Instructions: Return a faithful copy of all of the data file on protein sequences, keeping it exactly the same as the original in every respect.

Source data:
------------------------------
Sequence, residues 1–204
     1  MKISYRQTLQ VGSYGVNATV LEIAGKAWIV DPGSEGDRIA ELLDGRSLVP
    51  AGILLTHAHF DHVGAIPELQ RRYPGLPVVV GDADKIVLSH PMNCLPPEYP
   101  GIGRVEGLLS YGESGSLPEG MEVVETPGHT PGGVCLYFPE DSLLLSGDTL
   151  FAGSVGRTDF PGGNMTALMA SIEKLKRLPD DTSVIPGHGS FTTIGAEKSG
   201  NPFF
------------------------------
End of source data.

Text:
Sequence, residues 1–204
     1  MKISYRQTLQ VGSYGVNATV LEIAGKAWIV DPGSEGDRIA ELLDGRSLVP
    51  AGILLTHAHF DHVGAIPELQ RRYPGLPVVV GDADKIVLSH PMNCLPPEYP
   101  GIGRVEGLLS YGESGSLPEG MEVVETPGHT PGGVCLYFPE DSLLLSGDTL
   151  FAGSVGRTDF PGGNMTALMA SIEKLKRLPD DTSVIPGHGS FTTIGAEKSG
   201  NPFF